After hourly feedings and sleepless nights, one of the most challenging phases of parenting is potty-training. Think about all the leaks you'd need to clean up -- on the floor, on the bed, in the kitchen, anywhere -- when you're trying to teach your child to use the potty to relieve himself. Plus, all those soiled clothes!
Most experts recommend starting potty training at 18 months to 3 years old -- and it could take months of consistency to totally eliminate wetting accidents. But what if you could potty-train them while they're still babies? Imagine the money you'd save on disposable diapers!
While moms in Vietnam discovered their own trick to hasten up the process, there's another technique that's gaining ground in the parenting realm.
Amber Hatch, mom of two and author of Nappy Free Baby: A Practical Guide to Baby-led Potty Training from Birth started potty training when her baby was only five weeks old. In a blog she wrote for BabyCenter U.K., she described how she used the practice of elimination communication (EC), which uses timing, signals, cues, and intuition to address an infant's need to eliminate waste without the use of a diaper.
Hatch noticed that her daughter, then only 5 weeks old, was fussy. She was wriggling around the mattress and grunting. Amber kept trying to feed her but she wouldn't latch. Something was making her little one uncomfortable, and she remembered EC and thought the baby could be trying to relieve herself.
"I found an old ice-cream tub and crossed my legs around it. I stripped off my baby’s nappy and held her above the tub, with her wobbly back resting against my chest. I didn’t have to wait long; after a few seconds I could feel the tension in her body peak and then the unmistakable sound of a wee trickling into the tub. Wow! Then another grunt, and another peak of tension, and a minor explosion of poo vibrated through the tub," she wrote.
From that moment on, Hatch was inspired to keep holding her baby over a potty whenever she feels that her daughter was about to pee or poo. At first, she held her on the potty every time she changed her diapers and half the time she was able to catch something, noticing that the number of soiled diapers her daughter was using was getting fewer and fewer.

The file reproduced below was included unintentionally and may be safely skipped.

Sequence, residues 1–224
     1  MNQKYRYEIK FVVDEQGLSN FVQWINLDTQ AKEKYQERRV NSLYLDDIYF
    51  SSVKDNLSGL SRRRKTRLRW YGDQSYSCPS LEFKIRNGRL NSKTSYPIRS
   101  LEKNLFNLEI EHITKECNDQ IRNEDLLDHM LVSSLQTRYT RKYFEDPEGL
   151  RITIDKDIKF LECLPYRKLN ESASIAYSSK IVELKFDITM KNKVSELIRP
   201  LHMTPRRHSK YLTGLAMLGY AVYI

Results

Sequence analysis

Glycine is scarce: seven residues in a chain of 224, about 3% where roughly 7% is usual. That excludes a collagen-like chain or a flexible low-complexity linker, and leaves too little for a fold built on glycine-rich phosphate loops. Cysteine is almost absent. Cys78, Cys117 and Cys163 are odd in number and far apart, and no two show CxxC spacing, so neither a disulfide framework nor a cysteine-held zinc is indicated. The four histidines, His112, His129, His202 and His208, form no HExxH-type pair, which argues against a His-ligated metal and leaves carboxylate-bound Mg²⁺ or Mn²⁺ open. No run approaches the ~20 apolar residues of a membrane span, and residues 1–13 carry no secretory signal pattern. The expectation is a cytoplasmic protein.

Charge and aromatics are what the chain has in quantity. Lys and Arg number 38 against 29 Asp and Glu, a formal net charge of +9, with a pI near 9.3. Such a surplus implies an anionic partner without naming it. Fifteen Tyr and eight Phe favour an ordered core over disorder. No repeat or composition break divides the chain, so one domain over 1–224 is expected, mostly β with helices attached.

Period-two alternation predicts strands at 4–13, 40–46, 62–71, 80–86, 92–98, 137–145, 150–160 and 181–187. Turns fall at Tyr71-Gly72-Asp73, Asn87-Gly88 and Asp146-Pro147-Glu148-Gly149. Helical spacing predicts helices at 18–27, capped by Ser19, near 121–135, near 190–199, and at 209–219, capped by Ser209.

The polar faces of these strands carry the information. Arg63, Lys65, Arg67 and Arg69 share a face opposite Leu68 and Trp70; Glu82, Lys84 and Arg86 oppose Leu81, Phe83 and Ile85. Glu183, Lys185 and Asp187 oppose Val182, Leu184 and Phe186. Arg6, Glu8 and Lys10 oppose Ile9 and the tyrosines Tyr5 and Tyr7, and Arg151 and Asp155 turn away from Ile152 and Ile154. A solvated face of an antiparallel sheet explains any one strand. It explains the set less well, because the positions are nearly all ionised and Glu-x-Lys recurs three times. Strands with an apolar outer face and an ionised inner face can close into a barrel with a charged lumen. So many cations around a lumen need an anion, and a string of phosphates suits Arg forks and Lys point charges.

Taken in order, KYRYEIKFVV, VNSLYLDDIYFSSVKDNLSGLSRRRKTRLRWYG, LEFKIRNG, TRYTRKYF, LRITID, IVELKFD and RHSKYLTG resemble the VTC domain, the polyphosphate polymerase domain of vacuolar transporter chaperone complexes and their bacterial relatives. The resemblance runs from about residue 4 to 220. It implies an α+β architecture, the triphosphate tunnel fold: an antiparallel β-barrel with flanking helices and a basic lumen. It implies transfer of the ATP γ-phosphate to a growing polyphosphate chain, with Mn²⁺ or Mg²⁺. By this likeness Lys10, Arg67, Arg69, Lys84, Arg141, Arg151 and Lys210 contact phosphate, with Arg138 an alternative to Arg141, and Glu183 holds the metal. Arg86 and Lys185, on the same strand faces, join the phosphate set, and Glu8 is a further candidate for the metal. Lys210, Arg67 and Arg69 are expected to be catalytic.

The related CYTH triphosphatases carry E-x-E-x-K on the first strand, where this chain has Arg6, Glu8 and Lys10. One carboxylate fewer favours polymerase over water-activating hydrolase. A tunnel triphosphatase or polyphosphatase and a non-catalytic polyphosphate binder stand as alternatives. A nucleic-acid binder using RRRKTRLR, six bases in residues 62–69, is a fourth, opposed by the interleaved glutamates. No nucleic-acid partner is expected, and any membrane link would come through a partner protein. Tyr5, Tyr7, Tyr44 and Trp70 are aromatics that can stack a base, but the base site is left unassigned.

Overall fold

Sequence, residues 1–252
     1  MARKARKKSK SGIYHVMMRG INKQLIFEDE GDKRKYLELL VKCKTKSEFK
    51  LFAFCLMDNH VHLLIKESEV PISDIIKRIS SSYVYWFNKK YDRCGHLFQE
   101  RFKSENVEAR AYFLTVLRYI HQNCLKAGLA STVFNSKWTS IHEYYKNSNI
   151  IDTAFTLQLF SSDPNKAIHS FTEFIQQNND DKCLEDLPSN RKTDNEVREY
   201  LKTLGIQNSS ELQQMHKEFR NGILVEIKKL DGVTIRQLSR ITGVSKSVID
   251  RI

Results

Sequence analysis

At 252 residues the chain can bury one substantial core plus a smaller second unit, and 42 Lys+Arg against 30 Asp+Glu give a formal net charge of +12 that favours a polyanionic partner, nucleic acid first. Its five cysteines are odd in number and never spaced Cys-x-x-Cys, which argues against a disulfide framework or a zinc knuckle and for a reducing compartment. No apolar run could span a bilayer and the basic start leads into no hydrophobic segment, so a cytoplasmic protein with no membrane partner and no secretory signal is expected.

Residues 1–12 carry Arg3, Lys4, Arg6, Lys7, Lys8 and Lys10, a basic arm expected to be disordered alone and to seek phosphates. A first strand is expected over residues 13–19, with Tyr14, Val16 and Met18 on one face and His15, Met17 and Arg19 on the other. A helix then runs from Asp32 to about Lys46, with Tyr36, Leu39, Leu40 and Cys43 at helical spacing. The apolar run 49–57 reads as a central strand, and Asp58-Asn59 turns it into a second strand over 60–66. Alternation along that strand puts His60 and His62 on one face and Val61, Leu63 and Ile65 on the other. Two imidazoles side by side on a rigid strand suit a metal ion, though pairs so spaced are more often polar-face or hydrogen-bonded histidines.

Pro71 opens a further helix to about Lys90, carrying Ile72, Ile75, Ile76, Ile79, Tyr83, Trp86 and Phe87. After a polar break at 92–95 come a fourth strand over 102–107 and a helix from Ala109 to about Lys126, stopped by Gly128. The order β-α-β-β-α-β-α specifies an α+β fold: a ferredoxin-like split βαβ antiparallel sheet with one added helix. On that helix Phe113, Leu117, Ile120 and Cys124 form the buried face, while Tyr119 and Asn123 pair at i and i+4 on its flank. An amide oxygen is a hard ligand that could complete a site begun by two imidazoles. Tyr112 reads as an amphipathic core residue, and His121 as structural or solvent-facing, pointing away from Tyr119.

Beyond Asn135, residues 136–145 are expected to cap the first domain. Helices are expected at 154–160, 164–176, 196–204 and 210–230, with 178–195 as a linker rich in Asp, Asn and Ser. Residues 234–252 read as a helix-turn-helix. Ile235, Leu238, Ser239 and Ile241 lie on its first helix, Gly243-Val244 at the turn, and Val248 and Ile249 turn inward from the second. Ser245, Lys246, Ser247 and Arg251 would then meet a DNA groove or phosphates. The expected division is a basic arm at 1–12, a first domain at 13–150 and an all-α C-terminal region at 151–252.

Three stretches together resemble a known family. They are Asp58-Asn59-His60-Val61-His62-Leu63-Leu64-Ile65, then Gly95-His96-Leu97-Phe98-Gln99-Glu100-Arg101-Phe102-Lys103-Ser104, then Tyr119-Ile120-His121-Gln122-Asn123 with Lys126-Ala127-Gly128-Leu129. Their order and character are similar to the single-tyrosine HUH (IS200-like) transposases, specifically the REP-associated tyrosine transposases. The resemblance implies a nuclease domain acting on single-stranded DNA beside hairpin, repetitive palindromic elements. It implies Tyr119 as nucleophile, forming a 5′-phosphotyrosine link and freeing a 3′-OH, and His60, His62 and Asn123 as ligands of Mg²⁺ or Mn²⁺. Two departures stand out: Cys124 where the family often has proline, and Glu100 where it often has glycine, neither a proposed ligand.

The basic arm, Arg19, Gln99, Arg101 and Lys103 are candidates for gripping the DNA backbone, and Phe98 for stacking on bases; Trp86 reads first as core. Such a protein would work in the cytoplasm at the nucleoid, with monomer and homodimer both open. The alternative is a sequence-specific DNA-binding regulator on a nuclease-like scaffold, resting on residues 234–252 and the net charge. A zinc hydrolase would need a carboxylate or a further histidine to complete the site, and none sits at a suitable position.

Soon Hatch was able to pick up her daughter’s cues when she needed to go. "She slept better and seemed generally calmer. But the best thing was that it was really fun. We were really communicating about her bodily needs, and that made me feel so much more confident as a mom," Amber said. Admittedly, her daugther still needed diapers during the first year. But at 14 months, she was able to do away with diapers completely.
Research has found that in 1957, almost 92 percent of kids were toilet-trained by 18 months. Today, however, only 4 percent of kids know how to use the potty at that age; only 60 percent of children are potty-trained by age 3, according to a large-scale study in the U.S.
EC's concept is fairly simple and a bit old school. Offer the potty when you think your baby needs to relive himself; it's just a bit trickier how to prop her in a peeing or pooping position. According to Andrea Olson, mom of three and author or EC Simplified, Go Nappy Free, and The Tiny Potty Training Book, older babies could have gotten used to wearing diapers and relieving himself anytime anywhere. So, for Olson, the ideal time to start potty training is when the baby is under 4 months old.
Here are some guidelines to help you get started on baby-led potty training from Hatch and Olson:
1 Observe and take note of how often your baby pees or poos after walking and after eating. Signs include sudden fussiness or stillness grunting or bearing down, trying to escape from the carrier, or grabbing diapers or pants, kicking legs, popping on and off the breast, heavy breathing, and grunting.
2 Offer the potty in a calm manner and very matter-of-fact whenever you think your baby is going to pee or poo. "Babies pick up on our energy and will resist if we do EC with doubt, fear, or anxiety," Olson advises. You can also simply offer her the potty every time you change her nappies, says Hatch.
Here's how: With your baby's back leaning on to your hand and body for support, position your hands each under her thighs so she appears to be squatting. Hold her over a sink, a toilet, or a mini-potty or any container with a just-right-size opening for your baby's bottom. You can do this sitting down with the mini potty in between your thighs, standing up (if you’re using the sink), or squatting (if you’re in front of the big toilet).
3 Wait for 10 to 15 seconds to see if he's going to pee or poo. Remember you're not going to catch something every time you do this, but soon you'll get the hang of it. When you see your baby weeing or pooing, make a cue sound, for example “psssssss” or a grunting sound.
This helps "establish the connection between the potty, or the way you hold him, and pooing and weeing," says Hatch. "Babies go a lot, so it is relatively easy to catch a few wees and establish a connection," she added. Once you've established that connection, your baby will understand that this is the moment she can relive herself. You're not rushing your baby; she'd still be in control.
To encourage more moms to go diaper free, baby-led potty training advocate Jenn Philpott of Born Ready U.K. developed a diaper that makes going nappy-free easier, called Flaparaps, and they've started a campaign to be able to mass produce it. It's waterproof, adjustable fit (fit for a growing baby), and easy to put on and off for when you're helping your baby pee or poo or easy changing during naps.